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Animal Behavior
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A bee returning from the field performs a dance to communicate information about the position of a food source.

Slide 18

Honeybee dance language

Honeybee dance language

(a) Worker bees

Round dance

(food near)

(b)

Waggle dance

(food distant)

(c)

Beehive

30°

A

C

B

A

B

C

Location

Location

Location

30°

Slide 19

Pheromones

Pheromones

Many animals that communicate through odors emit chemical substances called pheromones.

Pheromones are effective at very low concentrations.

When a minnow or catfish is injured, an alarm substance in the fish’s skin disperses in the water, inducing a fright response among fish in the area.

Slide 20

Minnows responding to the presence

Minnows responding to the presence

of an

alarm substance

Minnows

before

alarm

(a)

Minnows

After pheromone

alarm signal

(b)

Slide 21

Learning establishes specific links between experience and behavior

Learning establishes specific links between experience and behavior

Innate behavior is developmentally fixed and under strong genetic influence / inborn.

Learning is the modification of behavior based on specific experiences.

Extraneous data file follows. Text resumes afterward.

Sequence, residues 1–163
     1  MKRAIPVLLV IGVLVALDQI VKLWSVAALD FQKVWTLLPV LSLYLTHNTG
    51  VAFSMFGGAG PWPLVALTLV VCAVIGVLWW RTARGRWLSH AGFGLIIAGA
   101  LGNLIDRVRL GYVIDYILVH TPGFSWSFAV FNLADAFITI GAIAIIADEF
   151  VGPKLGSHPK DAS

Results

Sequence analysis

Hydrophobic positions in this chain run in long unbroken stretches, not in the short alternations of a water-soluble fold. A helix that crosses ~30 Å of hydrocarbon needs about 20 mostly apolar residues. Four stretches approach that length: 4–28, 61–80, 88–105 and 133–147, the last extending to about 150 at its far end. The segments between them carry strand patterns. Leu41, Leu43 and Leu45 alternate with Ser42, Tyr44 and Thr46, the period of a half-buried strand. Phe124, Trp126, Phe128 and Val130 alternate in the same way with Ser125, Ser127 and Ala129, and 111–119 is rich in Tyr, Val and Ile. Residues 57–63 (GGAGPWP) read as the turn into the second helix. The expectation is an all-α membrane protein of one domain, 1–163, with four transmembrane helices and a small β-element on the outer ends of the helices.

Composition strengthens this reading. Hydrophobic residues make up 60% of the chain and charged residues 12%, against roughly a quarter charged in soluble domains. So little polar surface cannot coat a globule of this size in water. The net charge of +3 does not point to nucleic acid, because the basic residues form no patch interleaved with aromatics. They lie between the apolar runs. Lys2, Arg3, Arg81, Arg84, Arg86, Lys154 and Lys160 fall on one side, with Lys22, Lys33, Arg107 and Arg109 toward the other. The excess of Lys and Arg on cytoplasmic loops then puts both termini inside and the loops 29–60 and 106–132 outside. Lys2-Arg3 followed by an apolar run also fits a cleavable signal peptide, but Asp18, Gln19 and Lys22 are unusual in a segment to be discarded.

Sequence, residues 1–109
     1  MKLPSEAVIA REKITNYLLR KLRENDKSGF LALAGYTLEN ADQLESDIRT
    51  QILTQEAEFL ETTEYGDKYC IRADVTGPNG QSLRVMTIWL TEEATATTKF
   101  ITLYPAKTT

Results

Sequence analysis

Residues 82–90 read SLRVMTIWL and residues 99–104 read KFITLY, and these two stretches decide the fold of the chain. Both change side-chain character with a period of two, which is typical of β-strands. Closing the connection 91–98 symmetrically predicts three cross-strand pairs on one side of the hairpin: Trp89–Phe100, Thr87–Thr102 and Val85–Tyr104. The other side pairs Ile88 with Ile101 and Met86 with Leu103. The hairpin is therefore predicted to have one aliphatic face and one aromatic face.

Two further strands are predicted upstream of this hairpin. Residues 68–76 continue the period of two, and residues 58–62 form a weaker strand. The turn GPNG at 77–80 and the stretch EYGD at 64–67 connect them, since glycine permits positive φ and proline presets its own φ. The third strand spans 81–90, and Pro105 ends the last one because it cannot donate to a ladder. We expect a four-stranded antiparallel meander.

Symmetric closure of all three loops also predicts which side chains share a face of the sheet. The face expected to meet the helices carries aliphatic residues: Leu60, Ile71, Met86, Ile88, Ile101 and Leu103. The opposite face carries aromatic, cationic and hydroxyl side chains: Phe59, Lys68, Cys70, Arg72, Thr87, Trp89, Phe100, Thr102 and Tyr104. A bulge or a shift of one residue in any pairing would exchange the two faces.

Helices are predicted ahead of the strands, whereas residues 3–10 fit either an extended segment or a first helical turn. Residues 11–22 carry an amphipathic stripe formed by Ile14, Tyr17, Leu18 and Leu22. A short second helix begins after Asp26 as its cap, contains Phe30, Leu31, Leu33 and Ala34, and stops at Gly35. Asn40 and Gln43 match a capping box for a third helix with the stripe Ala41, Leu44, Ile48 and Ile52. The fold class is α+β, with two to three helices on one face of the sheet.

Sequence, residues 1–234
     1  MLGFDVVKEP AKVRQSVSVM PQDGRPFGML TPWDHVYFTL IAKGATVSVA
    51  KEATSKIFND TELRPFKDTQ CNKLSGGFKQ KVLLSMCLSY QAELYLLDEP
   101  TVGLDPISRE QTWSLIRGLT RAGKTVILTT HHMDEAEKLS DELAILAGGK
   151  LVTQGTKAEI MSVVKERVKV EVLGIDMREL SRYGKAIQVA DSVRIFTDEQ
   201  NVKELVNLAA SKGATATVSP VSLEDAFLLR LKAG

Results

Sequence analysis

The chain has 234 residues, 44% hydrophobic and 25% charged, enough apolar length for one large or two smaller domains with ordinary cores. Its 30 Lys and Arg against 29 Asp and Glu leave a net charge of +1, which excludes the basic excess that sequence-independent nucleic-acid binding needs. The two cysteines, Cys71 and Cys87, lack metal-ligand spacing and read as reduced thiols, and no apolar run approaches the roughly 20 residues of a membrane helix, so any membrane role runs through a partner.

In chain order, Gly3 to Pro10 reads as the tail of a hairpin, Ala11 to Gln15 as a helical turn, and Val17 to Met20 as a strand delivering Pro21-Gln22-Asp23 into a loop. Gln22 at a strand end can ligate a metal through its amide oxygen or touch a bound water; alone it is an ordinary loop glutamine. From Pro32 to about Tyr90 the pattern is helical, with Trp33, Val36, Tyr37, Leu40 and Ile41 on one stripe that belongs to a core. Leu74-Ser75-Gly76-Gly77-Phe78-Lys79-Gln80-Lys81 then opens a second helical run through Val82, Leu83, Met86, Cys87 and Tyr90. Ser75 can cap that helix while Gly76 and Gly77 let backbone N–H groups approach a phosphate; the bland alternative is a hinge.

Slide 22

Habituation

Habituation

Habituation is a simple form of learning that involves loss of responsiveness to stimuli that convey little or no information. Stop attending to a stimulus that is irrelevant.

For example, birds will stop responding to alarm calls from their species if these are not followed by an actual attack.

Slide 23

Imprinting

Imprinting

Imprinting is a behavior that includes a specific critical period learning and innate components and is generally irreversible.

It is distinguished from other learning by a sensitive period.

A sensitive period is a limited developmental phase that is the only time when certain behaviors can be learned.

Slide 24

An example of imprinting is young geese following their mother.

An example of imprinting is young geese following their mother.

Konrad Lorenz showed that when baby geese spent the first few hours of their life with him, they imprinted on him as their parent.

Conservation biologists have taken advantage of imprinting in programs to save the whooping crane from extinction. Young whooping cranes can imprint on humans in “crane suits” who then lead crane migrations using small aircraft.

Slide 25

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